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"Casablanca was made during the nitrate film era, and each fine-grain master (FGM) was deposited in the dedicated Warner Bros. film labs on the East and West coasts. The vintage 35mm FGM held in West Coast storage currently resides at the UCLA Film and Television Archive, but now only three reels exist due to nitrate decomposition. The best, earliest surviving and complete material for this iconic film is the 35mm nitrate FGM in the MoMA Department of Film collection."


https://moma.org/explore/inside_out/...film-material/
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Old 05-03-2016   #23
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Quote:
Originally Posted by FrozenInTime View Post
Seems like it has been restored for re-released in 4k
"Deluxe Restoration, on behalf of Studiocanal, digitally restored the film from a fine grain master positive struck from the original negative. This sounds great, until you see the result. Carol Reed’s 1949 film noir, starring Joseph Cotton and featuring an unforgettable performance from Orson Welles, loses its shadowy intrigue when the restoration process oversteps the line of “making the film appear as it was originally intended,” using newfound digital tools to “clean up” the film. Skin tones look polished and movement is stabilized, giving the image a sharpness that was not originally there. In short, it begins to not look like film anymore."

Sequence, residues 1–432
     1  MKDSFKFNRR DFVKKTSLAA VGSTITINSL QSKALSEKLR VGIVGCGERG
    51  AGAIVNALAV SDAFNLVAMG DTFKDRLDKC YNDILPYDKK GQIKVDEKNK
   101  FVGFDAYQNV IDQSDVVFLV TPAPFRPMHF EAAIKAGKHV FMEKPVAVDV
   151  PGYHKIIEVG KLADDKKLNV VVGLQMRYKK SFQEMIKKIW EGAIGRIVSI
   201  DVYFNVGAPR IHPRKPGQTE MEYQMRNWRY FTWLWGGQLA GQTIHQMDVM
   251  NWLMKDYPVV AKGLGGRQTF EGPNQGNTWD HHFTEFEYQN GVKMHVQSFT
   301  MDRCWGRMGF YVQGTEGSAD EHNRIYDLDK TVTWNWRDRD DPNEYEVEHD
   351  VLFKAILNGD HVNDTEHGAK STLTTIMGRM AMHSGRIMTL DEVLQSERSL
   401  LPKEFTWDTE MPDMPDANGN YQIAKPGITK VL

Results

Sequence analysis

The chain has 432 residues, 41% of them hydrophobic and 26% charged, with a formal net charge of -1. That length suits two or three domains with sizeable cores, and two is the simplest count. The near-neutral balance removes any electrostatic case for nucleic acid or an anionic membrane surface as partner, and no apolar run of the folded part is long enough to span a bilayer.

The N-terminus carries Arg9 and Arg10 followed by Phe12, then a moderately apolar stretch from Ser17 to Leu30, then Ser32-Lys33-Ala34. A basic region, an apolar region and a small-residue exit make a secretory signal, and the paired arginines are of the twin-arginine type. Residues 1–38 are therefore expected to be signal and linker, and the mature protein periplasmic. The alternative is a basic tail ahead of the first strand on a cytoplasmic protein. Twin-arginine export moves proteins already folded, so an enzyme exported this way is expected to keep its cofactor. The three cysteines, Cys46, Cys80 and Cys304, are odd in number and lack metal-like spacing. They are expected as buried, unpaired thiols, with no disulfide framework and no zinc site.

http://uk.blouinartinfo.com/news/sto....DnNZGcHZ.dpuf
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Old 05-03-2016   #25
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My Favorite too. I have it on DVD, I'll bet I've watched it a hundred times. A masterpiece.
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Old 05-03-2016   #26
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1986's Down by Law
2012's Much Ado About Nothing
1986's She's Got to Have It
1980's Raging Bull

But, yeah. The Third Man is in a league of its own.
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Old 05-03-2016   #28
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Quote:
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My Favorite too. I have it on DVD, I'll bet I've watched it a hundred times. A masterpiece.
Yeah!

Hey, since I use Kodak 5222 XX exclusively, is there a way to obtain a film noire look with that film? Thought it might be fun to try a similar more noir-like film.
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Old 05-03-2016   #29
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Quote:
Originally Posted by ChrisLivsey View Post